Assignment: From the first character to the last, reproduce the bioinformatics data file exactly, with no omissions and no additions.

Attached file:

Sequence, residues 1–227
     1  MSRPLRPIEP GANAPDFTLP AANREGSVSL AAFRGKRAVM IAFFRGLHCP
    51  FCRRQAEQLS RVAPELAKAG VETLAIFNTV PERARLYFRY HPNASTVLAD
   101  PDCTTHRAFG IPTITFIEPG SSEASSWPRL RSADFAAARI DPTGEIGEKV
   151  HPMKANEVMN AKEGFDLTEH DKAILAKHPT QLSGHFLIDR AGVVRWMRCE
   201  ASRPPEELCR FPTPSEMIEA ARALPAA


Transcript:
Sequence, residues 1–227
     1  MSRPLRPIEP GANAPDFTLP AANREGSVSL AAFRGKRAVM IAFFRGLHCP
    51  FCRRQAEQLS RVAPELAKAG VETLAIFNTV PERARLYFRY HPNASTVLAD
   101  PDCTTHRAFG IPTITFIEPG SSEASSWPRL RSADFAAARI DPTGEIGEKV
   151  HPMKANEVMN AKEGFDLTEH DKAILAKHPT QLSGHFLIDR AGVVRWMRCE
   201  ASRPPEELCR FPTPSEMIEA ARALPAA